### Outdoor Lighting Cost Estimation

#### A Simple Technique for Improving the Appearance and Security of Outdoor Lighting

Lighting designers and planners should check that their client's budget expectations match the likely costs of any project. To avoid wasting design time, designers must quickly approximate a project budget at the very beginning, often before any design is conceived or developed. Designers must also be able to explain what benefits, such as improved sense of security or appearance, the clients can expect for their investment in outdoor lighting.

A simple technique to plan preliminary budgets for the equipment, installation, and operating costs of outdoor lighting installations has been developed. The designer multiplies the area to be lighted by coefficients for cost per unit area. These coefficients are based on the intended level of improvement in appearance and sense of security for commercial, industrial, public, and residential lighting installations.

The coefficients were developed using the 108 lighting designs in The Outdoor Lighting Pattern Book. These designs upgraded and redesigned the lighting for 31 typical outdoor lighting scenes. Each design was evaluated for cost, illuminance, light distribution, color, site coverage, and power density and then rated for appearance and sense of security by an expert panel. The average costs of appearance and security improvements are presented as an initial planning tool for outdoor lighting.

#### An Example

The Central City Revitalization Committee is applying for a grant. Their objective is to improve the appearance of 24,000 square feet (sf) of the downtown area to attract people to downtown. How much should they budget, what are the continuing operation costs or savings for the city, and what difference could it make in appearance?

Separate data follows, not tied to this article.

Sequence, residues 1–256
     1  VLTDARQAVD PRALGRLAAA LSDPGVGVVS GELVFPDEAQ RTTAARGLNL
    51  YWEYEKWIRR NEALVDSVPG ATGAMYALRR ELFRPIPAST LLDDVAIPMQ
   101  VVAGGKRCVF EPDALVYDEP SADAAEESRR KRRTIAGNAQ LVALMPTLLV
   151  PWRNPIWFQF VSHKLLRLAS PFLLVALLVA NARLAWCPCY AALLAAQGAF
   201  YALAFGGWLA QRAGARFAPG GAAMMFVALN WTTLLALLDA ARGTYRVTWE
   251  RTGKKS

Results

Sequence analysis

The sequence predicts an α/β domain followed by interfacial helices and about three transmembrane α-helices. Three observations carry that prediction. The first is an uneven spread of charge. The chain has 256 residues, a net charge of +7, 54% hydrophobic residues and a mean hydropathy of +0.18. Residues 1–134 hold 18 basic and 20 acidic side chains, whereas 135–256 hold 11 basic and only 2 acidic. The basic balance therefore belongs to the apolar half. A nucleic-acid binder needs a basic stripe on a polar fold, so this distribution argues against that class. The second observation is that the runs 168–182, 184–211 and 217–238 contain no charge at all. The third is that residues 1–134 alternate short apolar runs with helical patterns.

Assume the current downtown lighting is commercial space, poor in appearance, and the Revitalization Committee wishes to upgrade it to very good (an improvement in security of three points). A quick budget for the grant can be determined by multiplying \$.84/sf by the area, or about \$20,000. Considering the Committee is looking for a three-point improvement, the budget can be refined by multiplying 24,000 sf by the commercial installed cost per appearance point coefficient, \$0.31/sf, times three points of desired improvement, yielding a \$22,300 budget estimate. The committee can calculate the increased energy and maintenance cost for the city, totaling \$2880/yr (energy coefficient \$0.09 plus maintenance coefficient \$0.03 times 24,000 sf). If the grant application is unsuccessful, the Committee could also propose a bond for the installation. The three-point improvement in appearance will cost \$.07/sf/yr (annualized life cycle cost per appearance point) times three points times 24,000 sf, or \$5040 per year including the cost of the bond, energy, and maintenance. In addition to improving appearance, the sense of security in downtown Central City is also likely to increase.